Recently added to the calendar of upcoming events, please be sure to look into the upcoming National Digital Stewardship Residency symposium to be held in April at the National Library of Medicine in Bethesda. The goal of the NDSR — according to the symposium blog — is to…
[…] build a dedicated community of professionals who will advance our nation’s capabilities in managing, preserving, and making accessible the digital record of human achievement.
Be sure to check out the symposium blog at NDSR 2014.
And did I mention that registration is free?
Last minute notification, I know, but bear with me:
The Corcoran Gallery is hosting artist Willis Thomas tonight at 7PM for a talk during which he will discuss his work Question Bridge, a transmedia project that seeks to address issues of what it means to be black and male in America. Speakers of a variety of socioeconomic backgrounds, political persuasions, and generational divides present their unique perspectives on the experience of black men in this country. For more on the project, please watch the video here.
Like the Library of Congress Folklife Center and and the StoryCorps project, Question Bridge attempts to document something that is complicated, protean: the subjective experience of an individual. By documenting these individual accounts, Thomas creates a work that probes the subjective accounts of issues such as self-identification and social inclusion/exclusion/marginalization. The use of modern digital technologies allows this work to break new ground in terms of collaborative dialogue between remote individuals, shedding light on what it is that connects us and what invisible division might exist between traditionally associated groups and individuals. From a digital humanities perspective, Question Bridge is evidence of the touching individualism that can be captured in a seemingly out-of-touch tech-mediated world.
If you can make it, I would highly recommend attending. Information on the event can be found here.
The American Folklife Center at the Library of Congress has scheduled a symposium on the topic of archiving cultural heritage. The symposium, scheduled for September 26-27, aims to…
energize the discussion of ethnographic archival thought and practice by presenting fresh and dynamic strategies for contemporary archival realities.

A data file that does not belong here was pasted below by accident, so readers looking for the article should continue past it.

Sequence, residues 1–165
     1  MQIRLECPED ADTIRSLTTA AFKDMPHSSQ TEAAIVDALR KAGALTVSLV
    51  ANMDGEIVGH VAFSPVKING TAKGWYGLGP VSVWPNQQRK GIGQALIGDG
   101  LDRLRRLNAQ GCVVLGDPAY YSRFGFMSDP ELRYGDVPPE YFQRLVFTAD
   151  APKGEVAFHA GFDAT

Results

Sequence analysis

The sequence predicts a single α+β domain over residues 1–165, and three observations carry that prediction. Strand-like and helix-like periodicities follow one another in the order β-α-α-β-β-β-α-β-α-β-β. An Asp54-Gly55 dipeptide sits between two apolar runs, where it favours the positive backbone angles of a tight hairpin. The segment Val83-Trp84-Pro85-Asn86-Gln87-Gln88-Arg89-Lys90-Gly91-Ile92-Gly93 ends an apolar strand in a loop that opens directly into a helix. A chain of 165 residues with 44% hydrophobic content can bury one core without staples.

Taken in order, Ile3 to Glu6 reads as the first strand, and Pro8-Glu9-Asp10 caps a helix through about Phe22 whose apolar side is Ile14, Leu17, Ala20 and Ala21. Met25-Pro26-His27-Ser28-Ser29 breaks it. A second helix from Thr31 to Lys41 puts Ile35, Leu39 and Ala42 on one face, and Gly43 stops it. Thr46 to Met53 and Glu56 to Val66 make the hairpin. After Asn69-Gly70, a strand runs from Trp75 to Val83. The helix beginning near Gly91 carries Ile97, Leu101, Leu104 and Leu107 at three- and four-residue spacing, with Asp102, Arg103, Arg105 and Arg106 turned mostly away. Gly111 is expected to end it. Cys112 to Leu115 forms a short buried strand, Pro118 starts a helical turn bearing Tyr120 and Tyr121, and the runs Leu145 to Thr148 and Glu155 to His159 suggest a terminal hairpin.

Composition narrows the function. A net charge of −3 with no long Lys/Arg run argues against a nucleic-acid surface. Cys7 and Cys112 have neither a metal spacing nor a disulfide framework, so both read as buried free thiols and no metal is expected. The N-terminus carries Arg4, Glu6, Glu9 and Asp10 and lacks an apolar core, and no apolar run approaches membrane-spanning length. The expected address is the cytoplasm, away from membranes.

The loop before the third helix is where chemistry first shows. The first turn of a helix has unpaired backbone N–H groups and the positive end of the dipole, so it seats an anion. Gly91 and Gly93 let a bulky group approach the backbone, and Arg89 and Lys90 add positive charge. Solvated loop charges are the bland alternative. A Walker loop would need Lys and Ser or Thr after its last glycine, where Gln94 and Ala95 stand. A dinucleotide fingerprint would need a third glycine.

The symposium is scheduled to included panels on the use of cultural heritage archives, archival description standards, preservation and digital stewardship, collaboration, resources, and education, all of which will be attended by a selection of academics and professionals from the archival and cultural professions. Information on the symposium is available here.
The event is free and open to the public, but registration is required. Registration will be available at there website sometime in August.
On another note, the “Calendar of Upcoming Events” is suffering some issues. Please be patient.
The Digital Humanities Data Curation Institute — a joint effort by University of Maryland’s MITH, the Women’s’ Writers Project, and the University of Wisconsin-Madison’s School of Library and Information Science — is now accepting applications for a three-day workshop (one of three) to be held in College Park, MD in October. According to the Institute website, the workshop “will provide a strong introductory grounding in data curation concepts and practices, focusing on the special issues and challenges of data curation in the digital humanities.”
At the workshop, attendees will learn how to:
- Model humanities data for sustainable computational research
- Identify, assess, and mitigate risks to their data
- Evaluate tools and systems for working with data from a curatorial perspective
- Plan and implement data management during all phases of a project’s lifecycle
- Leverage data curation skills to improve scholarly publications, grant applications, and promotion dossiers
- Understand and stay current with the landscape of data curation research
More information on applying for the Institution can be found here.
Just a quick FYI:
George Washington University’s College of Professional Studies is holding their annual Ethics & Publishing Conference on July 8th. Attendance is free but you do need to register at the following website:
Here is the conference statement on their theme “Positive Ethics”:
‘The theme of the 6th annual conference on GWU Ethics and Publishing Conference is “Positive Ethics”. Too often discussions of ethics in publishing are solely about some ethical shortfall – plagiarism, using copyright as a weapon, censorship, predatory business practices – and so on. This year we want to focus on the positive side of ethical practices in the industry. What are publishers doing to promote social good? What are they doing over and above meeting responsibilities to their shareholders? And what more should they be doing?’
This should be a great conversation. Hope to see you there!